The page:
Dynamics of Self-Organized Industrial Ecosystems: In order to develop realistic hypothetical models, this study first reviewed the literature to better understand two aspects of SOIE dynamics—factors that lead to the growth and demise of symbiotic linkages in networks, and the network structure of SOIEs at various stages of development, including system collapse.
Walls and Paquin describe factors that enable EINs to launch, “antecedents”, help them to grow, “lubricants,” prevent their growth, “limiters,” as well as common results of their activities or “consequences” [12]. Their framework does not distinguish how these factors differ among different IS dynamics. As such, we have selected those factors that are relevant to self-organized industrial ecosystems only and detailed them in Table 1. Unlike in other EINs, intermediaries or government interventions do not appear to have a prominent role in SOIEs, instead the policy framework and socio-cultural norms establishes the rules, which make by-product reuse or other sharing relationships possible. Resource abundance or constraints and individual firm motives are the most important drivers for firms self-organizing into symbiotic relationships. The prevalence of anchors or scavengers is an important distinction as it determines the network structure. Anchors tend to be large industries that have abundant resources that can serve as raw materials for many partners, forming scale-free networks where new members of the network preferentially connect to actors with the most connections, emblematic of Kalundborg. On the other hand, scavengers tend to be small and specialized in recovering particular classes of materials, and many of them often co-exist in EINs, so that new members can connect with multiple existing actors, forming more of a random network structure, such as in the case of Styria. Lubricants are mainly social factors that embed the relationships among participants in the network and go beyond the material exchanges that are the hallmarks of IS. Limiters include factors internal to the network, such as diversity and power asymmetries among participants, as well as external perturbations such as regulatory changes. The consequences of IS—economic, environmental, and social benefits—appear to be more similar across different types of EINs. Applying these factors to model development, this study utilizes antecedents to stand in for growth mechanisms, while limiters are used as mechanisms that cause ties or nodes to fail. While external perturbations are not factored into Walls and Paquin’s framework, evidence from Chopra and Khanna’s resilience studies [9] and Ashton’s work in Barceloneta [6] suggest that major external perturbations may have an important role to play in the demise of SOIEs.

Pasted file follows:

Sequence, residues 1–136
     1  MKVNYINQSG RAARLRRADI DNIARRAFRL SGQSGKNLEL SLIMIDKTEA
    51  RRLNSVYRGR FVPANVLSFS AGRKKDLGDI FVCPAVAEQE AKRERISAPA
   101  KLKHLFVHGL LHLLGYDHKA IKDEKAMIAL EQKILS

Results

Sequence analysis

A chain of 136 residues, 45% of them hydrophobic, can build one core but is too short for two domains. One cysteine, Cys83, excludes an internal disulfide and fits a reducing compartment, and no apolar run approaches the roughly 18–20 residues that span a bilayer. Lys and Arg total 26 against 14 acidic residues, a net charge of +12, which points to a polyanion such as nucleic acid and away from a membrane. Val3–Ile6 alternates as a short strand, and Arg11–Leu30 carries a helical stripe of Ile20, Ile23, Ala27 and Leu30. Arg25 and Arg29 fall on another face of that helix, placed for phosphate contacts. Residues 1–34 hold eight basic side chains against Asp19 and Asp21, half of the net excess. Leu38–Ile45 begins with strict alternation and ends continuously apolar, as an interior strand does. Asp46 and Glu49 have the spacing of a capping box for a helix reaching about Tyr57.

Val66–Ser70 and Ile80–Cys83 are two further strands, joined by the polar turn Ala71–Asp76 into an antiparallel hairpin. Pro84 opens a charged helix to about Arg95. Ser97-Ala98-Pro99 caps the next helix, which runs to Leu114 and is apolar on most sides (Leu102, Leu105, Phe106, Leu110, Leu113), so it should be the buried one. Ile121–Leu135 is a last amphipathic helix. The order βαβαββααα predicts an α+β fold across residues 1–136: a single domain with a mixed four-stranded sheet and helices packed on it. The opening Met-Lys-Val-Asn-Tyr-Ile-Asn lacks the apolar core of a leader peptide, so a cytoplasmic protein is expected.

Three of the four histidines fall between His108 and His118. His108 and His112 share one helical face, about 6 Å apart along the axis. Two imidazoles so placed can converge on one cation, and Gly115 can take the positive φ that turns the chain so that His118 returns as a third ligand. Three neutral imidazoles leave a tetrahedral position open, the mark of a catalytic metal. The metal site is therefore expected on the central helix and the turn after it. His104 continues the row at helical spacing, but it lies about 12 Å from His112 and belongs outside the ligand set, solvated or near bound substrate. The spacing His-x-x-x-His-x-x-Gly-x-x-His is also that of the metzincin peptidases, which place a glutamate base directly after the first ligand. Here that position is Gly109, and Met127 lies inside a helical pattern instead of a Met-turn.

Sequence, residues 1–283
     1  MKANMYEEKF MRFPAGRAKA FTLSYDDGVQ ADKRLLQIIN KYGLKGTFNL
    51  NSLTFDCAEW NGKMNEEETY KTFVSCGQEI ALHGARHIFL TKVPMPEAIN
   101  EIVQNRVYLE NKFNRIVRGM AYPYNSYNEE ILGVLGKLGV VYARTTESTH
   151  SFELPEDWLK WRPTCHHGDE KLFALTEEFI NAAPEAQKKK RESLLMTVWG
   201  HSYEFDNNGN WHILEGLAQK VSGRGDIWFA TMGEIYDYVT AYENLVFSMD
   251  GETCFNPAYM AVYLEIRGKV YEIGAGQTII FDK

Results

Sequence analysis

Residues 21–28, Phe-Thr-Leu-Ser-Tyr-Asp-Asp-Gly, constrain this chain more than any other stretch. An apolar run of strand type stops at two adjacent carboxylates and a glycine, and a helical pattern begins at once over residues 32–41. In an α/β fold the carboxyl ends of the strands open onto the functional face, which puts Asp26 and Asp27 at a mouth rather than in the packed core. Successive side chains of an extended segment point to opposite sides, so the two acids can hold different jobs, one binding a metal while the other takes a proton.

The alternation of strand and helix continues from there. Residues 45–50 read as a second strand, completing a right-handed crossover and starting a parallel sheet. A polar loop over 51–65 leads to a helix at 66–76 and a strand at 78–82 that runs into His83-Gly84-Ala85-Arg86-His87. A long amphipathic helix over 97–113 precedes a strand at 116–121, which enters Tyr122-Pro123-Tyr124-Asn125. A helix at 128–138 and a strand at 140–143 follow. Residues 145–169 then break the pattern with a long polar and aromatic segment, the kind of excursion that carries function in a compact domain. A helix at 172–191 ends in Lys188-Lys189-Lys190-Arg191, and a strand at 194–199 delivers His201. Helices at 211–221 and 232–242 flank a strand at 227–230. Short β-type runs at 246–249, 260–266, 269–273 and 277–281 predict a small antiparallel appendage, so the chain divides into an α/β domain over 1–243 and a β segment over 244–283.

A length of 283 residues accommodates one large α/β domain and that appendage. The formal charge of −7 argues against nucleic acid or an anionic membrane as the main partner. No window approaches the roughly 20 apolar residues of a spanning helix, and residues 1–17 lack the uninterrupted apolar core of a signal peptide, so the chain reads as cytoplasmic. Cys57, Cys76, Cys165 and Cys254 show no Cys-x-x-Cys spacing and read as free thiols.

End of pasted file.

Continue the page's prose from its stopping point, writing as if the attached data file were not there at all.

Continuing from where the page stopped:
Table 2 describes the network characteristics of several existing SOIEs at different phases of development. These include Kalundborg, Denmark, at initial formation, development and maturity, Kwinana, Australia, and Styria, Austria, at maturity, and Barceloneta, Puerto Rico, at initial formation, maturity, and collapsed phases. This study reviewed published reports, including network diagrams, to quantify the number of actors (nodes), synergies between them (edges) and industries, and identify the network structure in each, in order to ground our models in the observed conditions of diverse SOIEs over time.
In the initial phase, networks are characterized by a small number of firms participating in few synergies. As the systems develop, one or more core groups may form in which synergies are concentrated (preferential attachment to well-connected nodes), often determined by the presence of anchor firms. In the mature phase, a large number of firms are involved in numerous synergies. Preferential attachment appears to be the mode of growth in networks with a large anchor firm that either supplies or receives materials from a diverse set of other industries, such as in Kalundborg. More diverse networks, or those without a single anchor, appear to grow randomly, with new firms attaching to multiple other firms with which they have material matches, such as recycling firms in Styria. It is notable that both Kwinana and Styria at maturity phases are larger than Kalundborg and Barceloneta in terms of the number of firms and synergies, suggesting that random-growth networks have the potential to grow larger than anchor-networks. In successful SOIEs, the number of firms and synergies grow and persist over time. By contrast, systems that collapse have a breakdown of synergies and loss of firms and synergies at some point in their history. It is noteworthy that collapse need not happen at the initial stages, but may occur during more mature phases.